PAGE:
When I was nine or so I had a most terrible dream that my mom had died. I woke up with wet cheeks from all the crying I did in my sleep and I was still crying. It was a cloudy morning in late December and the sky was one giant droopy eyelid of sadness. The state of despair was chased by some familiar noise coming from the kitchen and the unmistakable smell of coffee. My mom was still there and I was the happiest upon discovering that but a part of me was still rolled up in a sad ball under the covers crying over something that was lost forever. The innocence of not thinking that people can and will at some point disappear from my life. The knowledge of the inevitable was a most painful yet unavoidable discovery. I got out of bed promising I’ll never upset my mom again and I spent the entire day tailing behind her, looking at her, feeling her smell and looking at her hands, which I always thought were so beautiful. I was also consumed with the guilt of having had such a horrible dream which I never told my mom about.
Many years later my mom passed away, ever so quietly like she just stepped out for a bit. My painful childhood dream stared me in the face and this time there was no bittersweet realization that it was just a dream. I could make no more promises that I’ll never upset her again or that I’ll buy her flowers or spend time with her doing the things she loved. The thought of having postponed some of those things for future times was one of the hardest to bear. I learned so much from my mom during the many years she was around and then I learned so much after she left. I learned that I have today to make people I love feel loved and special. I learned that tomorrow is often times too late. If I care I will say it or do it. Today. There’s never been a better time. Because it’s the only one we really have, making good use of it to do the things that matter for the people who matter makes sense.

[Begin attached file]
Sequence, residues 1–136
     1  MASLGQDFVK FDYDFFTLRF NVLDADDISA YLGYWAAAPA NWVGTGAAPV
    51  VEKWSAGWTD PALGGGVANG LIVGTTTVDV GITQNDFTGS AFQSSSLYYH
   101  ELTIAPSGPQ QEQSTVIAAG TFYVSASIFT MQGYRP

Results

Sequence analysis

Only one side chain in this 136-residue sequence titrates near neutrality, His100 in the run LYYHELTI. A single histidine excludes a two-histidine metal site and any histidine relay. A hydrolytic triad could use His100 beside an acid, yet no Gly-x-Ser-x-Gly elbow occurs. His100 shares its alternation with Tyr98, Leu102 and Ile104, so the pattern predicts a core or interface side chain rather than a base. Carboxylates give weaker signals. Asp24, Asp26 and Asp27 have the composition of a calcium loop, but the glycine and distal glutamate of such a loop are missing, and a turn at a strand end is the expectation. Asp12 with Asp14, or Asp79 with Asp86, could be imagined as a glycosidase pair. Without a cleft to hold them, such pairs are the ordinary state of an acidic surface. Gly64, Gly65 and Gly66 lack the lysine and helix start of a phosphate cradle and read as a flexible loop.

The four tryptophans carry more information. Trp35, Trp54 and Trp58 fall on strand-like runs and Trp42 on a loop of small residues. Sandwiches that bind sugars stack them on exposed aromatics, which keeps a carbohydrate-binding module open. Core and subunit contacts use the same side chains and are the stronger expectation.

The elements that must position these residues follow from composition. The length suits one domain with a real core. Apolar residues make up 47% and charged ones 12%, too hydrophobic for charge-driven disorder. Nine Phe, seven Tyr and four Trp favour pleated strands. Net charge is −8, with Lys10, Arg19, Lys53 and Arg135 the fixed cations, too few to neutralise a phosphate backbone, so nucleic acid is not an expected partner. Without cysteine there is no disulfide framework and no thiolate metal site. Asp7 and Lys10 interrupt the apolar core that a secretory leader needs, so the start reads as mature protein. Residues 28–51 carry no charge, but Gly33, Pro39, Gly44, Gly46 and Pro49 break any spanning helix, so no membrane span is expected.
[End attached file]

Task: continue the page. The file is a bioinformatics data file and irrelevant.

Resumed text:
I don’t believe in gifts to say, “You are so precious to me” but I believe in being thoughtful. I believe in not holding back when it comes to making someone’s world brighter. As for the regret that comes from not doing some of the things I wanted to do with and for my mom, it’s there and it hurts. But through that I’ve learned to not postpone and wait for a better time to make others happy. We can never say we’ve done all we could do or wanted to for those we love, there are limitations of various kinds, life is like that. But then again, the thing that is most precious, the gift of love and unconditional acceptance of the ones we love, that one has no limitations. When all the memories of lost opportunities will be forgotten that one gift will stand out and prove to be the most important. It was Maya Angelou who said “I’ve learned that people will forget what you said, people will forget what you did but people will never forget how you made them feel.” Somehow my mom knew that.
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